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Qatar bills itself as a “bastion of free speech”

An aerial view of Doha's diplomatic area on 21 March 2013
An aerial view of Doha's diplomatic area on 21 March 2013

REUTERS/Fadi Al-Assaad

Freedom of speech clashing with commercial concerns has been an ongoing theme for many media and internet companies operating on an international stage, but it's rare that a country's liberal approach to expression is presented, in itself, as a prime investment opportunity.

Now Qatar, the richest country in the world, is positioning itself as a liberal alternative to the other resource-rich Gulf states – as revealed in an op-ed by the CEO of a premier London-listed Qatari investment fund.

The chairman of the Qatar Investment Fund PLC, Nick Wilson, authored an article this week on ArabianBusiness.com, claiming the country “has a habit of pushing its progressive agenda, to the irritation of its more conservative neighbouring states elsewhere in the Gulf Co-operation Council.”

Qatar Investment Fund manages approximately £200m in assets – investing into Qatari equities and employing dozens of fund managers. Its website trumpets Qatar as one of the worlds fastest growing economies, as well as pointing to its hugely lucrative gas exports.

But in this piece, the investment managers emphasised a different aspect of Qatar – the the “liberal minded” Al Jazeera TV network and an apparent commitment to free speech, especially when compared with its Gulf neighbours.

“We've seen the consequences of blocking access to information in other countries of the region.”

“Qatar is a bastion of free speech – and the flow of information should help to create a benign environment for investors.” he added.

The piece also pointed towards progressive women's rights in Qatar, noted the political unpredictability of the region, but concluded that Qatar was “less frightened of change,” and “safe for business.”

As Wilson mentioned, Qatar now faces an unprecedented rift with the other GCC members – in particular Saudi Arabia, Bahrain and UAE who dramatically withdrew their envoys from Doha recently. He noted that Qatar had not withdrawn their envoys in retaliation, suggestive of their “liberal” tendencies.

But Qatar's support for the Muslim Brotherhood both in Egypt and the Gulf, has set it contrary to GCC security policy – with UAE and Saudi Arabia having designated the Brotherhood “a terrorist organisation.”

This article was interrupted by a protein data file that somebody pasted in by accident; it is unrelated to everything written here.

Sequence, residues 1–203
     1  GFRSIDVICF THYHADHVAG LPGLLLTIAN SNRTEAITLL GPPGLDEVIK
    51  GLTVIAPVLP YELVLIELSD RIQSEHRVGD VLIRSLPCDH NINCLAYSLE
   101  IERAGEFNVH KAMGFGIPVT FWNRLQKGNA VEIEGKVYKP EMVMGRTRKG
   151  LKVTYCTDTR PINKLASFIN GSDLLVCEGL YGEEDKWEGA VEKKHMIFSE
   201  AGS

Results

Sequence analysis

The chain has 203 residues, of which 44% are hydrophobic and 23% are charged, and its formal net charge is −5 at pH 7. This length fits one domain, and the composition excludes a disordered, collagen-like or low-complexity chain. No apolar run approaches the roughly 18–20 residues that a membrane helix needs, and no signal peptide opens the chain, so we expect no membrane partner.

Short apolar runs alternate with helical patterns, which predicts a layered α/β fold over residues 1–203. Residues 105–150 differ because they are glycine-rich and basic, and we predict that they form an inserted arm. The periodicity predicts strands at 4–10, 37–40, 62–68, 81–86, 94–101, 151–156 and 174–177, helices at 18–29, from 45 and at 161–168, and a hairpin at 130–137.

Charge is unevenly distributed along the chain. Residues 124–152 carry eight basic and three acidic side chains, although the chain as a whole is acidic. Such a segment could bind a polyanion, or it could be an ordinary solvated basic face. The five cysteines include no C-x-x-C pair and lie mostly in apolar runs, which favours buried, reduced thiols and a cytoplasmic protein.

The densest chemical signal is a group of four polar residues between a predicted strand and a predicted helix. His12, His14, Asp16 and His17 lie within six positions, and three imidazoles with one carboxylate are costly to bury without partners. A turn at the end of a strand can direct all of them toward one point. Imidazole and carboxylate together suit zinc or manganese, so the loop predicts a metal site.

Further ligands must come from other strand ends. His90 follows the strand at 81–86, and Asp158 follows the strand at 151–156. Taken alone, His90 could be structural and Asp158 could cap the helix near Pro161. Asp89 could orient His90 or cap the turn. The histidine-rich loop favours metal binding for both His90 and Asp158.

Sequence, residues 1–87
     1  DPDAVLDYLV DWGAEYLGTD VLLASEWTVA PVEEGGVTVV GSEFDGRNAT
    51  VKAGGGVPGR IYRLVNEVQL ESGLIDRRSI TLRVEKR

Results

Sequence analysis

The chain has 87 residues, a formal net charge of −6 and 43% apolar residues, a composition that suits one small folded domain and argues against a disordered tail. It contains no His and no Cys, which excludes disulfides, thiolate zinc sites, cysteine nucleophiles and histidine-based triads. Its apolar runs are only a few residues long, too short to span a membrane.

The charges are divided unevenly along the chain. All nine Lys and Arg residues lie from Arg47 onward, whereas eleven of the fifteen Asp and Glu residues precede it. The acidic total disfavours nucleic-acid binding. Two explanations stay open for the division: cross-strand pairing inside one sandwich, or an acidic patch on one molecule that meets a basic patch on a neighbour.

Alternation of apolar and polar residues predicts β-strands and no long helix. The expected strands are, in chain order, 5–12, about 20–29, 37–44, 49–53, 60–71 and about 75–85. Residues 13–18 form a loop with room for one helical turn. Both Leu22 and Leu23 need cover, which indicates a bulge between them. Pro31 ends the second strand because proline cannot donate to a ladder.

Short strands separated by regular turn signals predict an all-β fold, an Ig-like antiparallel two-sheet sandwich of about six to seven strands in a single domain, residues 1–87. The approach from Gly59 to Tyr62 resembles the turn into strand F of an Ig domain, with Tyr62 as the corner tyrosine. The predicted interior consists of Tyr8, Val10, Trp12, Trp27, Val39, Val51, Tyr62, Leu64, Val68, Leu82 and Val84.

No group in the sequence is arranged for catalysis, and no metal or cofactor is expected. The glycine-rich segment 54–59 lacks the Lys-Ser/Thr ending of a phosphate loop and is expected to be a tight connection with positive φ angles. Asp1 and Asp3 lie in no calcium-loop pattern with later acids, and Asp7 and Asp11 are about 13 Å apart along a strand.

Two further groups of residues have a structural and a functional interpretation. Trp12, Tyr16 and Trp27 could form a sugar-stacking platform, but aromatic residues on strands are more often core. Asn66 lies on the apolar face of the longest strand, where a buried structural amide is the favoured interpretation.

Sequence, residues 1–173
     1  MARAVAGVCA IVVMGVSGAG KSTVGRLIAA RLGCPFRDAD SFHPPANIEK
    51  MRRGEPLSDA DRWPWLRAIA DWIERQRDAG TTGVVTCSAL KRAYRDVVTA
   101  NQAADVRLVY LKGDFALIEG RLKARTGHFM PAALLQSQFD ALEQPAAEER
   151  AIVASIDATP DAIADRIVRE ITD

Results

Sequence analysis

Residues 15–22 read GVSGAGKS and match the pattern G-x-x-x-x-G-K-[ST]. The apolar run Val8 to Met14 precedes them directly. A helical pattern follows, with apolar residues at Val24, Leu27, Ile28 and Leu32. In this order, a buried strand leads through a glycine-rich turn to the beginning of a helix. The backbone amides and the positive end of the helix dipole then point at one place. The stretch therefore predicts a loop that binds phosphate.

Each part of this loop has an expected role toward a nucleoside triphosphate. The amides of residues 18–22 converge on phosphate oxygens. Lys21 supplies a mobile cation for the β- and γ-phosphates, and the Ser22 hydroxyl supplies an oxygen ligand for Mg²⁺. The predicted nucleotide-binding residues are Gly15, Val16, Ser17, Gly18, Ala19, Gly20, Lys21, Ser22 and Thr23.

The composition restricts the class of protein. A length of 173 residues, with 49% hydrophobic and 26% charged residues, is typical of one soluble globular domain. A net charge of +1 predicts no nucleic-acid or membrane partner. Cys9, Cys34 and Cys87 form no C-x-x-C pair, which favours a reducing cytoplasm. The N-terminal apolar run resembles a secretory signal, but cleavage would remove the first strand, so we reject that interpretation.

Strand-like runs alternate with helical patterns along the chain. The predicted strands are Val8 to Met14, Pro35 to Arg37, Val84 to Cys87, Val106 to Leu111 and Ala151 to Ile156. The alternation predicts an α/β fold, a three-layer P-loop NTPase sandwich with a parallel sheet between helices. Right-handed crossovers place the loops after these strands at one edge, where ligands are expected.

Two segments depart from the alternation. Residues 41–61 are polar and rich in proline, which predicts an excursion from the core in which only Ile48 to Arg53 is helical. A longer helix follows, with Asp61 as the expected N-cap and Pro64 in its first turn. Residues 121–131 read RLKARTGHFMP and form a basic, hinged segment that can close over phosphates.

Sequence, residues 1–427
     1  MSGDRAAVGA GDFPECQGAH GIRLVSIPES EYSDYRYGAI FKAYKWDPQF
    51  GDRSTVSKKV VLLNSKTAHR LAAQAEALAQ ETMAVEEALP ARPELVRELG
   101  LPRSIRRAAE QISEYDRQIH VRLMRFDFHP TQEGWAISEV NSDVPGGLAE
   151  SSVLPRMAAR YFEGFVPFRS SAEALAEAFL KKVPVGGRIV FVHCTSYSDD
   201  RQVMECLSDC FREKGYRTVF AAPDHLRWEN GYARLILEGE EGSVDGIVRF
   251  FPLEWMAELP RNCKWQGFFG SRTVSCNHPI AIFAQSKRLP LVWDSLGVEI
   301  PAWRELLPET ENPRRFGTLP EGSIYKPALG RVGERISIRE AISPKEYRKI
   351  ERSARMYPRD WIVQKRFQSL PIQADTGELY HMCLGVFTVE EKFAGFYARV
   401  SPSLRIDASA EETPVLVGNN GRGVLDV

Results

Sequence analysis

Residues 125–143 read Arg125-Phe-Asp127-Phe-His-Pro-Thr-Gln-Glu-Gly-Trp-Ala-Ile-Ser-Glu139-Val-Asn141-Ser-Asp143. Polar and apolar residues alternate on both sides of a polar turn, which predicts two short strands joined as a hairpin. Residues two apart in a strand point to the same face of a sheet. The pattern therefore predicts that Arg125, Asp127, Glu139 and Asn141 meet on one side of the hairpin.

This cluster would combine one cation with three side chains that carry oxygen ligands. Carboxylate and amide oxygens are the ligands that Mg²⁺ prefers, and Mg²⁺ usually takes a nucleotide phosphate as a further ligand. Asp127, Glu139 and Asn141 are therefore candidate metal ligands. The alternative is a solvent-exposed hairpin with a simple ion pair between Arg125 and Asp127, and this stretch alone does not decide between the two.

And Yusuf al-Qaradawi, a provocative Islamist preacher and key Muslim Brotherhood member, is based in Doha. He presents a weekly show and sermon on the Arabic version of Al Jazeera, reportedly watched by 20 million viewers.

The outspoken preacher recently incensed the UAE by denouncing the Emirates political policies as “un-Islamic,” in response to an Islamist crackdown orchestrated by UAE's sophisticated state security apparatus.

Qatar, as Wilson noted in his article, has irked its neighbours by allowing al Jazeera, al Qaradawi and the Muslim Brotherhood to be supported by Qatar's extensive financial resources.

It now faces potential sanctions from Saudi Arabia, and Bahrain has even called for the GCC to be split up – unless Qatar shuts down the al-Jazeera TV network, ejects al-Qaradawi and stops support for Islamists.

While secretive Qatar is keen to maintain its supportive stance of the Brotherhood, it's unclear whether freedom of expression comes into play or if there are wider geopolitical considerations at play.

More likely it is the latter – analysts reaction to the Qatar Investment Fund's glowing appraisal of Qatar's “liberal” values has been muted.

“Qatar may be a freer society than some of it's neighbours, but this is hardly a useful measure,” says David Wearing, a PhD candidate and Gulf Expert at SOAS University in London.

“Objectively, it is an autocratic monarchy; not liberal, and certainly not democratic. Some space exists in Qatar for criticism of other regional governments, but not of the Doha regime itself.”

Wearing pointed to the case of Mohammed al-Ajami who was sentenced to fifteen years imprisonment in October 2013, for “insulting the emir.”

Nader Hassan, a professor at the University of South Alabama, thinks the op-ed may fit into a broader PR narrative which is sanitising Qatar's human rights reputation.

“Qatar has been playing a very skillful public relations game,” he told Index, “portraying itself as a beacon of free speech and press freedom in the region.”

“Compared to its more powerful neighbor, Saudi Arabia, this may be true. However, there are significant restrictions on press freedom in Qatar.

“Al Jazeera, for example, almost never carries any critical pieces on Qatar, such as the abuse of migrant workers.”

Hassan admitted that some Al Jazeera pieces favoured openness and journalistic professionalism- but concluded that calling the network “liberal” was “far from the truth.”

This article was posted on 21 March 2014 at indexoncensorship.org

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